34 of 34 people found the following review helpful
Brilliant study of US empire,
This review is from: The Sorrows of Empire: 'Militarism, Secrecy and the End of the Republic: How the American People Lost (Hardcover)
This unusually important book, based on huge research and historical knowledge, shows how the modern US empire is destroying the American Republic.
The USA has 500,000 soldiers and support staff billeted abroad at 725 permanent bases in 38 countries. A key role for these forces is to control oil and gas pipelines. In the key oil-producing regions of the Middle East, North Africa and Central Asia, there are bases in Iraq, Saudi Arabia, Kuwait, Qatar, Bahrain, the United Arab Emirates, Oman, Egypt, Djibouti, Turkey, Kyrgyzstan, Uzbekistan, Afghanistan and Pakistan, plus six secret bases in Israel.
The proposed Trans-Afghan oil and gas pipelines run south from Turkmenistan, through Afghanistan, to Pakistan’s port of Gwadar. In Eastern Europe, Camps Bondsteel and Monteith in Kosovo bestride the proposed Trans-Balkan pipeline, which would run from Georgia through Bulgaria to Albania’s port of Vlora. Camp Sarafovo is in Burgas, home to Bulgaria’s biggest oil refinery, and the camp at Constanta dominates the centre of Rumania’s oil industry. In Colombia, several hundred US ‘advisers’ are fighting not against drug runners, but to protect Occidental Petroleum’s oil and gas interests in Arauca province.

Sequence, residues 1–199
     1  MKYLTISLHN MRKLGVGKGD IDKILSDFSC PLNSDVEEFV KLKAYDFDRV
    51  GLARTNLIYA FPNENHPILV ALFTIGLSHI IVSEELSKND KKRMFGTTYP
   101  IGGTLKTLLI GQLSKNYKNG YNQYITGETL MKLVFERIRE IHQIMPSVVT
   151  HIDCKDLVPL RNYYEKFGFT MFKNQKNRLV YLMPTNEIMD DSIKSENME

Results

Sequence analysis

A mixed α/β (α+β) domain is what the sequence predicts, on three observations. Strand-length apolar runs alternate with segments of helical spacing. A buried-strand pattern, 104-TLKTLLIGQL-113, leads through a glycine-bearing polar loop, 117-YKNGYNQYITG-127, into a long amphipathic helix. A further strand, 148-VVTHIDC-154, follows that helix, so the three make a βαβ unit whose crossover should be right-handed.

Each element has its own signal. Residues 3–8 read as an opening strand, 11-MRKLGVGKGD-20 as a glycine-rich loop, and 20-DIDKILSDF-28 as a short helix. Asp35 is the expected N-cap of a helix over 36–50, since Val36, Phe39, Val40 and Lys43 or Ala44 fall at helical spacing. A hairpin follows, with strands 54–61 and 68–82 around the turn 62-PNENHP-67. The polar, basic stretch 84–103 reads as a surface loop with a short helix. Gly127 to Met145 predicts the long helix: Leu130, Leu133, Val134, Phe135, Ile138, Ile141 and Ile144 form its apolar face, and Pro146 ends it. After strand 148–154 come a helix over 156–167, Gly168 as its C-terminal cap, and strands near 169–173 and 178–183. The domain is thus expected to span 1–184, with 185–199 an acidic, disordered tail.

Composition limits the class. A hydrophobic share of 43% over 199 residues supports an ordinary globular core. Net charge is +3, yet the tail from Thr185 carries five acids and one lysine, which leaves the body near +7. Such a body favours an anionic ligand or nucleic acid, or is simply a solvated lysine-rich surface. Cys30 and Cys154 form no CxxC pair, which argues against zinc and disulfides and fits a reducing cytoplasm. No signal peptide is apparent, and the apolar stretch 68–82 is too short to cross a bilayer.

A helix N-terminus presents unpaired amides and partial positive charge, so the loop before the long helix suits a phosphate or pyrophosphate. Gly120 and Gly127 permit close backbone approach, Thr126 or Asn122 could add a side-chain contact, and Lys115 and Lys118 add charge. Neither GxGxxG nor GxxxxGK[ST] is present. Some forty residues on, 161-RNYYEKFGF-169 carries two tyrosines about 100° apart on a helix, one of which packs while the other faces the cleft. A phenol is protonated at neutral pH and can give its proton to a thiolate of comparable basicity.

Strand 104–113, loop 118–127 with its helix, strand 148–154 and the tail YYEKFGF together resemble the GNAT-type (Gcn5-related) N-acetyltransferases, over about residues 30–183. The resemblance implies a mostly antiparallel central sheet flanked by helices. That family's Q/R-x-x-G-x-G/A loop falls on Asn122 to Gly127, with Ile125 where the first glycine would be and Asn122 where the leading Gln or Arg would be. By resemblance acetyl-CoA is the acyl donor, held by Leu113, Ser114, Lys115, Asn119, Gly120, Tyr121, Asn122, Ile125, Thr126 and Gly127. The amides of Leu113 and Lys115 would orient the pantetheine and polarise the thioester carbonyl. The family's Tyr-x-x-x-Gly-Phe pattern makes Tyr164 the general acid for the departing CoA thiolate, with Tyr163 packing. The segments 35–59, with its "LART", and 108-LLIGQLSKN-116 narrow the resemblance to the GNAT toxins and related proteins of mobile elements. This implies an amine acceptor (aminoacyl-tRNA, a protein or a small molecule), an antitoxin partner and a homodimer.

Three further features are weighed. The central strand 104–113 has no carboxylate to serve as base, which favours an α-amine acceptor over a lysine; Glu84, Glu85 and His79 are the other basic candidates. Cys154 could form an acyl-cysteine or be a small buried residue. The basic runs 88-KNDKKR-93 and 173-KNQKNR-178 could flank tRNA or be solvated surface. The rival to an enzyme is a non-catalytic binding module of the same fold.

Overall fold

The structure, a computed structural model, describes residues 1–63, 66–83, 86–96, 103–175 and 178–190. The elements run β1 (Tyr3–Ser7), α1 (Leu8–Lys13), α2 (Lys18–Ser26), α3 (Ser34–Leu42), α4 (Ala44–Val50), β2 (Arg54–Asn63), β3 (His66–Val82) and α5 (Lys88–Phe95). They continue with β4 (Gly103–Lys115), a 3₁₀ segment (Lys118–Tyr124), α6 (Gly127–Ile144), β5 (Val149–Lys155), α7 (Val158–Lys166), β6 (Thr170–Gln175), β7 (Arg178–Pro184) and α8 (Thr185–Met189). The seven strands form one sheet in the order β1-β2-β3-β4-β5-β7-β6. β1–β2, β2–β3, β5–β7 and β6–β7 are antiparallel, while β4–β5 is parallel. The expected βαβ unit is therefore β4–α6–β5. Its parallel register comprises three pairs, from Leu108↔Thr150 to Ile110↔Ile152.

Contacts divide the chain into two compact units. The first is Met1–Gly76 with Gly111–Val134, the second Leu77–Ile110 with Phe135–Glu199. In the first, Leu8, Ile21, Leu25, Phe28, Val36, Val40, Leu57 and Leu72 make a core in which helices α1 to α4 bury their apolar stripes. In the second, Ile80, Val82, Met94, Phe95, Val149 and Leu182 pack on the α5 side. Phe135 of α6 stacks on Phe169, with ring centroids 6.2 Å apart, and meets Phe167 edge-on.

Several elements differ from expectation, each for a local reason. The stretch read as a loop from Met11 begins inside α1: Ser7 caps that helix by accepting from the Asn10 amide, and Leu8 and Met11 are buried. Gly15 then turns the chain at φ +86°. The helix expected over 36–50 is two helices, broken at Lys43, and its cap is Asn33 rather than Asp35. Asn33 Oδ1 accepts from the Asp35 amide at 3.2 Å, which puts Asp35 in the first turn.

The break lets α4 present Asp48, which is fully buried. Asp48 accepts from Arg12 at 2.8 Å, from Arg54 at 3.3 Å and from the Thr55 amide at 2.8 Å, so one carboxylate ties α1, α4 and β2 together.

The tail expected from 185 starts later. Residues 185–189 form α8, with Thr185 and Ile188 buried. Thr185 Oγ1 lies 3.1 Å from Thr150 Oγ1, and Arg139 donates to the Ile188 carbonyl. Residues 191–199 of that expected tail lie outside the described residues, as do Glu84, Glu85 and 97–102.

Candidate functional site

The US government has twisted the ‘war against terrorism’ into a war for world domination, scarred by its own state terrorism. In Afghanistan, its bombing killed 5,000 civilians directly, and another 20,000 indirectly, by disrupting relief efforts and medical care. In January 2002, US forces took 27 villagers prisoner, tortured them for several days, and then shot some of them (Washington Post, 11 February 2002). None were Taliban or Al Qa’ida members. The USA’s illegal occupation of Iraq inevitably causes similar atrocities.
Johnson shows how the US ruling class is moving towards fascism, marked by perpetual attacks on Bush’s hit list of 60 countries. At home, corporatism, vast military spending, corruption, destruction of liberties and Goebbelsian propaganda, all feed the drive to fascism.
Johnson sums up, “Imperialism is the single greatest cause of war, and war is the midwife of new imperialist acquisitions.” And America needs a revolution for democracy: as Johnson writes, “A revolution would be required to bring the Pentagon back under democratic control, or to abolish the CIA.”